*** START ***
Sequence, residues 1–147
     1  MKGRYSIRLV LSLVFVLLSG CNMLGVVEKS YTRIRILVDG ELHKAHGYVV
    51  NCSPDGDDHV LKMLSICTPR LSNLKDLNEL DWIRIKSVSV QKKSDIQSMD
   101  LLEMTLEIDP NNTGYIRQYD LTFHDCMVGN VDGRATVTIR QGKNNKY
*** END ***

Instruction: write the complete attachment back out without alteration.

Sequence, residues 1–147
     1  MKGRYSIRLV LSLVFVLLSG CNMLGVVEKS YTRIRILVDG ELHKAHGYVV
    51  NCSPDGDDHV LKMLSICTPR LSNLKDLNEL DWIRIKSVSV QKKSDIQSMD
   101  LLEMTLEIDP NNTGYIRQYD LTFHDCMVGN VDGRATVTIR QGKNNKY